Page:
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It was a sleepless night spent caring for a sick baby that jump-started New York Times Bestselling Author Maggie Shayne’s writing career.
A voracious reader and prolific writer from childhood, Maggie found herself without a book to read while coddling the colicky child. So instead she began spinning a tale of her own, creating a plotline that evolved in her thoughts until, a few days later, she sat down and wrote the story in longhand.
Now the author of more than forty novels, ranging from stories about Witches, vampires, psychics and ghosts, to bone chilling, edge-of-your-seat romantic suspense and beyond. The genres she has mastered include women’s fiction, category romance, romantic suspense, and paranormal fiction. Maggie has honed her lyrical prose and made a name for herself on the New York Times, USA Today, Amazon.com, B.Dalton, Booksense, Ingram’s, Barnes and Noble, and Waldenbooks (where she reached #1) bestseller lists.
Maggie is the winner of numerous awards, including two Romantic Times Bookclub Career Achievement Awards, the National Readers Choice Award, and the coveted RITA Award, for which she was nominated twelve times before finally winning.
She has also written for CBS daytime dramas, Guiding Light and As the World Turns. One of Maggie’s novels, Eternity, has been optioned for film.
Today, Maggie finds empowerment and solace in her spirituality and often believes her strong background in Wicca into her novels, creating intriguing characters and involving stories that sometimes (more often than not, in fact) take a walk on the mystical side.
Her exploration of Witchcraft began some 13 years ago, when she developed an interest in the Tarot. Soon thereafter, she discovered that the four suits of the Tarot were also the four basic elements of Witchcraft; Earth, Air, Fire and Water.
“I’ve always been interested in the ‘esoteric,’ and the more I studied Wicca, the more I realized that the principles that I had always believed in, had their roots in Witchcraft,” says the author. “I’d been a spiritual seeker, reading and studying many belief systems and gradually building my own understanding; ‘building a mystery,’ as Sara Mclaughlin puts it in the song. When I found Wicca, it was astounding to me to learn that those things I thought were uniquely my own, were actually beliefs shared by an entire subculture. There were all these people whose spirituality was an echo of my own; people who called themselves Witches.”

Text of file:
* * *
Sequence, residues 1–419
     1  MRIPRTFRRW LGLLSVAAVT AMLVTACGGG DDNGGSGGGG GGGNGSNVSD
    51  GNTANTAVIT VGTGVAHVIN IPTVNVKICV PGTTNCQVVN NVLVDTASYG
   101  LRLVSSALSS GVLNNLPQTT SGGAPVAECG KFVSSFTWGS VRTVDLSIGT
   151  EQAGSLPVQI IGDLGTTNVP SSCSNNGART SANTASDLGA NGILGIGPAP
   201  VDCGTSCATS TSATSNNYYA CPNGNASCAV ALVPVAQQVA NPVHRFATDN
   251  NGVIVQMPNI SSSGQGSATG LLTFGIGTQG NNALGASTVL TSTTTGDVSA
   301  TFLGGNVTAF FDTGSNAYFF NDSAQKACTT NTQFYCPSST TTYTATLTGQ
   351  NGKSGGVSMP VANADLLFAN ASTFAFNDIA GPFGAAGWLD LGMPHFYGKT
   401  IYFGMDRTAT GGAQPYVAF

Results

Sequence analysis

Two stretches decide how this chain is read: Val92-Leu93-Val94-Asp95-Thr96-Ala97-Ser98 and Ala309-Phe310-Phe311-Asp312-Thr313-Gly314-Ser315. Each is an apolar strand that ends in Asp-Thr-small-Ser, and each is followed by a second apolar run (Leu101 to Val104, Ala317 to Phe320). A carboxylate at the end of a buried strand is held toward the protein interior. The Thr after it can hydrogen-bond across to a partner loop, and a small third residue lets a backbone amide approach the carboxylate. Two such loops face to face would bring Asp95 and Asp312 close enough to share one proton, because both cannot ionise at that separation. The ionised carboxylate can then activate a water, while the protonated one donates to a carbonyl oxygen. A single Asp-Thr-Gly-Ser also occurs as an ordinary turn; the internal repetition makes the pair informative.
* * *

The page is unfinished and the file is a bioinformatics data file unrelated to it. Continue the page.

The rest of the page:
Now an Elder in the Wiccan faith, Maggie has studied the Craft for many years. She took more than three years of formal training in the widely known Black Forest Clan Circle and Seminary, led by author Silver RavenWolf, where she learned about divination, astrology, herbalism, theology, natural magick and much more. She earned her way to the level of Third Degree High Priestess, making her legal clergy. But the learning never stops, and she is currently studying Shamanism, pastoral Counseling, and Reiki.
After leaving Black Forest in 2001 in order to forge a new path, Maggie became one of the founders of a new tradition (or denomination) if Wicca, known as RavenMyst Circle, which trains its own students and is incorporated as a nonprofit organization.
What would she be doing if she wasn’t so accomplished a writer? Maggie maintains she’d be equally happy as a rock star. “I have a karaoke machine, and I’m actually damn good,” she says. “Furthermore, Sheryl Crow and I are the same age, so I figure if this writing thing doesn’t work out, there’s still time.”
Maggie resides in Otselic, a small town in southern central New York where there are more cattle than people, with her faithful English bulldog Wrinkles, her spoiled stray cat, Glorificus, and a pair of sibling Labrador retrievers. Abigail, the chocolate, female was the runt of the litter and has remained small and graceful. Her brother, Buddy (William the Buddy to be precise) was the largest in the litter, and has grown to a whopping 160 pounds. He’s a big klutz. Interestingly enough although Wrinkles can walk underneath him without touching, she can also back him into a corner with a single look. Don’t they say dogs and owners are a lot alike?
from author’s web site.
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